My heart sank and I felt a wave of nausea as I read the thermometer. One hundred and four degrees.
“Oh, God. Not again please,” I whispered, as I coaxed medicine into my feverish son. While I was fixing him juice, the telephone rang insistently until I finally answered it.
“Eileen,” a neighbor said, “you need to get over there to my granny’s old home place and get yourself some of those daffodils. They’re just coming up. If you plant them now, they might go on and bloom for you next month.”
“I can’t take Tommy out today, Mae. He’s running fever again. Besides are you sure it’s not stealing??
“Naw. There are thousands of them now, all from the ones my granny planted years ago. They need thinning out, so they’ll keep blooming. I’ll come over and watch Tommy for you.”
“Well……Okay,” I answered hesitantly. “I’m just putting him down for a nap. Come in about twenty minutes.”
I sighed as I hung up. I didn’t really feel like going out in the cold January weather, but I couldn’t think of any more excuses. I picked up my three year old son and began to rock him to sleep. His face was flushed and his thin little body felt hot against mine. Poor Tommy. I hope this isn’t going to be another long siege, I thought silently.
“I love you, little one,” I said softly.
“Love you,” he whispered hoarsely, patting my face gently as his eyes began to close.
As I carefully put Tommy in his bed, I heard my neighbor come quietly in the front door.
“Hi, Mae. Thanks for coming. He’s restless, but I think he’ll sleep,” I greeted her. “But I don’t have anything to put dirt in. How will I carry the daffodils?”
“They don’t need dirt. Just put some newspapers down in the back of your station wagon. Get yourself a lot. They’ll look great along your driveway and out front of the house.”
A few minutes later I gasped and shivered when the cold wind hit me, as I got out of the car. I wished fervently that I hadn’t agreed to do this. I started digging as quickly as I could, eyes tearing from the wind. I dug for several minutes, then thought about giving up and going home. Each time I’d begin to straighten up, I’d see another thick clump just barely pushing through the frozen ground, seeming to beckon to me. I kept going until I had almost filled the back of my stationwagon with hundreds of bare bulbs.
When I finally got back and sent my neighbor home with thanks, I went to check on Tommy. He tossed restlessly in his sleep and when I touched his forehead, it almost scalded my hand. Tommy had taken a turn for the worse, so I forgot all about the daffodil bulbs, as I spent the next two weeks caring for him and making trips to the specialist fifty miles away.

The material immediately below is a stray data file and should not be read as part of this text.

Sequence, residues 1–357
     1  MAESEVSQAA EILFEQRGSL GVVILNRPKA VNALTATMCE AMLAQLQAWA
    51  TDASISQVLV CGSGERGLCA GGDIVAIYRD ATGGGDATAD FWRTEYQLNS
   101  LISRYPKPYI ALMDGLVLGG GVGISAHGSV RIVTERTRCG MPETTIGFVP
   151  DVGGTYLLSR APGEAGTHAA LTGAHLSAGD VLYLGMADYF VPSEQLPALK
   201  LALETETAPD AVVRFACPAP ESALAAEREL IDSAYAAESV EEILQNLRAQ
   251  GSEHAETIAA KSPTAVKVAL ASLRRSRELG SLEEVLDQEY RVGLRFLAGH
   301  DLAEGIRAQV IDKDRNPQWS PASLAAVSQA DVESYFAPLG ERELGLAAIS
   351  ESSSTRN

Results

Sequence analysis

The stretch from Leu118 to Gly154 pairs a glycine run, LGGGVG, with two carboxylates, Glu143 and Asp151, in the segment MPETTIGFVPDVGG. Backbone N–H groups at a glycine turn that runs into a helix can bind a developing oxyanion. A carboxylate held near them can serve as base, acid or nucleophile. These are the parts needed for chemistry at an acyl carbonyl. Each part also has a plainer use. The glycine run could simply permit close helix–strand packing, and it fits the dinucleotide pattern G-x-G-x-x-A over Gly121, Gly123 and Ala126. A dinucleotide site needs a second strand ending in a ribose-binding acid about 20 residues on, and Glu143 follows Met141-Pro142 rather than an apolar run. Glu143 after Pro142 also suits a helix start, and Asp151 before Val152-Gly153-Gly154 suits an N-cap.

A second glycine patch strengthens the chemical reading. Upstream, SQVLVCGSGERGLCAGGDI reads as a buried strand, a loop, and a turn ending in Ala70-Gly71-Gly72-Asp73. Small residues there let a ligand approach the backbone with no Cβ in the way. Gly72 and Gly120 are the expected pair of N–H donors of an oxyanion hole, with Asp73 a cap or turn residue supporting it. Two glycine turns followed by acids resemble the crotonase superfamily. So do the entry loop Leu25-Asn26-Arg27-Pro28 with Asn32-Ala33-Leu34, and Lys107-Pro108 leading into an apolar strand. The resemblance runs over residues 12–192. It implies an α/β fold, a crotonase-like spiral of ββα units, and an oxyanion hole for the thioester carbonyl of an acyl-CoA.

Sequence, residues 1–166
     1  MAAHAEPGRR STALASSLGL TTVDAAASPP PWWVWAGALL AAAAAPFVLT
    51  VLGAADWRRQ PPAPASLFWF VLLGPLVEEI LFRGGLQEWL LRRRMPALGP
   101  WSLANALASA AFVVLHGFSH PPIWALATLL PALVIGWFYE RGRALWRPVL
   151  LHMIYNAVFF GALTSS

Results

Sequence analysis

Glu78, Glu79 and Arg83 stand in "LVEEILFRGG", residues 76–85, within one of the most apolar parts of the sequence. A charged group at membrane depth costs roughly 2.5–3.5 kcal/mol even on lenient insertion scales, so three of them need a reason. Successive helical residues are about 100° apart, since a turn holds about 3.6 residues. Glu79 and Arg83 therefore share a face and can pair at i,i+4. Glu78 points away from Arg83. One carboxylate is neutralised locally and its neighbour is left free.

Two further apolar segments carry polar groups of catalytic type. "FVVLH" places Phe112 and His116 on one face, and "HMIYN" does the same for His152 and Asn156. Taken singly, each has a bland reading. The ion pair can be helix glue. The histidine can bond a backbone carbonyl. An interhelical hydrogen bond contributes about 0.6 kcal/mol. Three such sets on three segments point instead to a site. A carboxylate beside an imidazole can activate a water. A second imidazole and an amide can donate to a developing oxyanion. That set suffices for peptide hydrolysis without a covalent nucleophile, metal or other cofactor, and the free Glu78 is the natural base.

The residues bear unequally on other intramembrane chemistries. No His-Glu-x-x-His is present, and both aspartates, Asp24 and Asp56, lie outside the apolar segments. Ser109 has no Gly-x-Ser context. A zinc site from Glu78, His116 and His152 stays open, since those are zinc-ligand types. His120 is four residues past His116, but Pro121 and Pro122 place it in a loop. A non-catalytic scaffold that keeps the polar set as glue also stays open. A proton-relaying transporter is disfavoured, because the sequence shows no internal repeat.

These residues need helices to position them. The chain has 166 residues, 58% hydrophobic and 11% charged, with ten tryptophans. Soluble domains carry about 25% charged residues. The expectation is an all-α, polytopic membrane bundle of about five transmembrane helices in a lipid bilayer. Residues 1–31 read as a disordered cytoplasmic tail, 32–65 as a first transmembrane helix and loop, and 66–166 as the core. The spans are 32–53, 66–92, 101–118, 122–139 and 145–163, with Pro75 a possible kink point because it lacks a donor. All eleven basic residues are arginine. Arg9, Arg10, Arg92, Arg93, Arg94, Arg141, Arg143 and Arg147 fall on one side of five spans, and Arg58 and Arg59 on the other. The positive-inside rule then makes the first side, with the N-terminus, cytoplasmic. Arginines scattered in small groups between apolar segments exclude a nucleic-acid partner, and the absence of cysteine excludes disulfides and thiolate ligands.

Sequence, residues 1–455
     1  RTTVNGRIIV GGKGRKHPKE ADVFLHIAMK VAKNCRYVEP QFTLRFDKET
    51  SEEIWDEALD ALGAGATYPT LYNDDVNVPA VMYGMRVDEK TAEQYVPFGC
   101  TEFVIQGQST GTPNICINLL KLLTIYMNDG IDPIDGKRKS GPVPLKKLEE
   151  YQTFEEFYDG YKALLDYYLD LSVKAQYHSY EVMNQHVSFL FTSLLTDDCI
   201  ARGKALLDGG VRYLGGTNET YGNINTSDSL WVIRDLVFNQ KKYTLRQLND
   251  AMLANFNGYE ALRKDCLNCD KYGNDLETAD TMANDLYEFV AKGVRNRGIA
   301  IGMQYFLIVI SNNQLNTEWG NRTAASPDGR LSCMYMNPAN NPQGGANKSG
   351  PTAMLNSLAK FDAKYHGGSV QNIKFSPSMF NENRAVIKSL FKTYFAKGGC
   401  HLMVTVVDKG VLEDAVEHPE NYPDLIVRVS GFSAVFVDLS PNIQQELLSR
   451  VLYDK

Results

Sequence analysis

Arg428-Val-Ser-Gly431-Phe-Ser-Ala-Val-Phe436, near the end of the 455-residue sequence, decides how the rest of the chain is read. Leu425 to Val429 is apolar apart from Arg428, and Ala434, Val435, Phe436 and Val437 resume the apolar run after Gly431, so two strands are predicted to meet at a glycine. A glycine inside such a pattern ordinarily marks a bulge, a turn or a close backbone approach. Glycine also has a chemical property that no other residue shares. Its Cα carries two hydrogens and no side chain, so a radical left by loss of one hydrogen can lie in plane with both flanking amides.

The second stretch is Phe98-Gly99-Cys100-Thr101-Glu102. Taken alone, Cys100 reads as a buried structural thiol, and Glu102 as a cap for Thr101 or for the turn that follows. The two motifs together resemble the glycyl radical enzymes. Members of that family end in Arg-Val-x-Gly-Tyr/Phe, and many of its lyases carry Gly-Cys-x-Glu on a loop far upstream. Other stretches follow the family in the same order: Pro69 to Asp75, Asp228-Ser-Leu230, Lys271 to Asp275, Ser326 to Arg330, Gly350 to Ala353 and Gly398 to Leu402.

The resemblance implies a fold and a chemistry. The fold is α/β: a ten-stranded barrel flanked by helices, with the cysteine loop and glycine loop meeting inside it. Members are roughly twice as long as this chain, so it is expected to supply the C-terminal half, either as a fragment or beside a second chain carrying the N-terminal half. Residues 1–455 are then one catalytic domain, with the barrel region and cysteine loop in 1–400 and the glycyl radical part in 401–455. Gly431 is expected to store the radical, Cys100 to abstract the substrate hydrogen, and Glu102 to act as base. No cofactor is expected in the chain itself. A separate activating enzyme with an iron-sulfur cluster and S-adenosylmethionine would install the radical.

With trembling voice, I finally admitted to the doctor how frightened I was, when Tommy’s fever ran off the thermometer and there was no way to know how high it was.
“Don’t try to bring it down below 104 degrees,” he advised me. “If you do, it will shoot back up fast and that can cause a seizure. He catches everything because the hole in his heart valve lets blood circulate without being purified by the lungs. We’ll try another antibiotic. If he has a virus, it won’t help, but we can’t risk this going into pneumonia. We’ll consider surgery when he’s four, but we need to get him stronger first. Bring him back in two days, if he’s not better.”
I drove us home through a flood of tears. Tommy whimpered listlessly, his eyes too bright and his skin too pale under the flush of fever. My spirits matched the bleak January landscape.
I spent the next two days and nights struggling to keep his fever down. Sometimes he lay in my arms limply. Other times when the fever shot beyond the measure of the thermometer, he would chatter brightly, using words far more complex than his normal vocabulary, reminding me of the possibility of brain damage.
Two days passed and his fever was still shooting back up off the thermometer. Trying yet again to bring it down slowly, I put him in a tepid bath, that seemed to hurt his hot skin and make him shake with chills. He looked like pictures I had seen of war orphans with their ribs showing and their sunken eyes pleading. He looked at me like he was asking mutely, “Why are you doing this? Why are you hurting me? Don’t you love me?”
As I wrapped him in wet sheets and sat rocking him, both of us were sobbing. I even yelled out loud, “Where are you, God? I pray and pray and you do nothing. This is an innocent child. Why do you let him suffer? What kind of God are you? A cruel God? An impotent God? Where is the loving God of Jesus? Have you abandoned us?”
As, I exhausted my anger, memories of God’s many gifts of grace in my life flooded my mind and I began to pray again, “You are my God, the only God I have. I have seen Your awesome glory in the beauty of Your creation and I have felt the depth of Your love through Your son, Jesus. So, I, like Paul, will try to praise you at all times, in joy and in sorrow. Right now, I can’t feel it, but with my will I praise you. I thank you for the many times you have blessed me and for the grace you have poured into my heart even in my darkest moments. But, please God, help me know you are with us in this. I feel abandoned.”